Odor of the Phoenix 

The subtext of the almost wholly positive critical response to Harry Potter and the Order of the Phoenix is quite suitable considering its subject matter: No one wants to believe that ol’ scar-head’s days of whimsy are over, that the dark times are upon us — that Voldemort has indeed returned.

Buck up, comrades, you knew this was coming since the surprise ending of that travesty of a film, Harry Potter and the Goblet of Fire (remember, we ended up in a graveyard with Voldemort reborn after virtually no buildup of that plotline?). It’s called a turning point, and what a pity that the Dark Lord had to rear his ugly head just as puberty reared its for our three musketeers.

Screenwriter Michael Goldenberg has sliced and diced J.K. Rowling’s 870-page novel, largely considered the weakest of the books so far, into a complex but coherent screenplay wherein Quidditch has been sacrificed for clarity. Able British director David Yates is the first helmer of a Potter film to be plucked from television, but I think we can all agree that the BBC is not exactly NBC.

Yates’s Potter is a more naturalistic work than its forebears, with the exception of Phoenix’s opening scene, a symmetrically framed, stunted exchange of insults between Harry and his cousin Dudley Dursley that has the ring of Wes Anderson to it (only Wes’s dialogue would’ve been cleverer). This small offense is quickly forgotten as the two teenagers are attacked by dementors — ghoulish creatures who guard the wizard prison, Azkaban, sealing the fate of their victims by sucking out their souls — and the action kicks into gear.

Then Little Whinging’s favorite cat lady (and non-magical witch, turns out), Mrs. Figg arrives at the scene —  a little too underwhelmed that, hello, “the boy who lived” was nearly out a soul — and escorts the young men back to the Dursley’s home. There, Harry learns the magic he used to save his and Dudley’s life has earned him potential expulsion from Hogwarts and a date with the wizard court. Magic is strictly prohibited in the presence of Muggles.

Why, then, do the members of the Order of the Phoenix fly their brooms in plain view as they transport Harry to his godfather’s? You tell me.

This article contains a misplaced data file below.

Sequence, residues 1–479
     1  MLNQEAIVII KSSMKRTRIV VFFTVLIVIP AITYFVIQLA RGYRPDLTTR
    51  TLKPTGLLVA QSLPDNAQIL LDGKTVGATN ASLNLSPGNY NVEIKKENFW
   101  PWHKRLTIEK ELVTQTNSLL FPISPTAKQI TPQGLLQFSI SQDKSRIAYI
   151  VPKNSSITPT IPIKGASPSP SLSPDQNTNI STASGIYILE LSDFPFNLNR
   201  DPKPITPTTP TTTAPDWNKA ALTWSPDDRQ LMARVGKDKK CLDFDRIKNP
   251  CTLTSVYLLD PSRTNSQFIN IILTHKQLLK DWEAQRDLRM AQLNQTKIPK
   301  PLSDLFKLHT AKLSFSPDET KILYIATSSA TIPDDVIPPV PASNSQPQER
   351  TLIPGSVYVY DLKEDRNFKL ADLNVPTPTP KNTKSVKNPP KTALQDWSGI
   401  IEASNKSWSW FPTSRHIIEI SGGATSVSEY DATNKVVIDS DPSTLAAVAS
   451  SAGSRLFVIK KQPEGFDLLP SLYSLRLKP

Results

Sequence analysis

Outside of the Order, the greater wizarding world welcomes Harry back with tightly folded arms. The Ministry of Magic, headed by Cornelius Fudge (looking rather like Charles Foster Kane on Ministry banners), has virtually disavowed the former golden child. Fervent belief in Voldemort’s return to the flesh is none too popular a persuasion, profoundly because it signifies the Ministry’s failure. Ergo, Fudge’s shameful attempt to jail Harry for his perfectly legal act of self-defense. “Laws can be changed,” he says (and rights can be terminated. Just look at the Patriot Act.).

However, litigation may be the least of Potter’s troubles: Harry’s having excruciatingly unsettling dreams that he must be taught to repel by his least-favorite teacher, Severus Snape. And while the Defense Against the Dark Arts situation has never been good, this year’s professor is particularly repugnant. Dolores Umbridge, the Ministry-appointed teacher is called, and she certainly lives up to the meaning of her first name. (You’ll love to hate Imelda Staunton as that right-old saccharine pain in the ass.)

It all comes down to a boo-yah, the-Dark-Lord-has-come-back battle in the Ministry, with Voldemort showing his (noseless) face again. Sure, it’s a dumbed-down fight, and sadly Bellatrix Lestrange isn’t nearly as awesomely evil as she in Rowling’s novel, but on the whole, this film really works. And with Yates signed on for number six, I’m looking forward to another Quidditchless good time.

Harry Potter and the Order of the Phoenix
Dir. David Yates; writ. Michael Goldenberg, J.K. Rowling (novel); feat. Daniel Radcliffe, Emma Watson, Rupert Grint, Imelda Staunton, Ralph Fiennes, Gary Oldman, Michael Gambon, Alan Rickman, Emma Thompson, Helena Bonham Carter (PG-13)

More by Ashley Lindstrom



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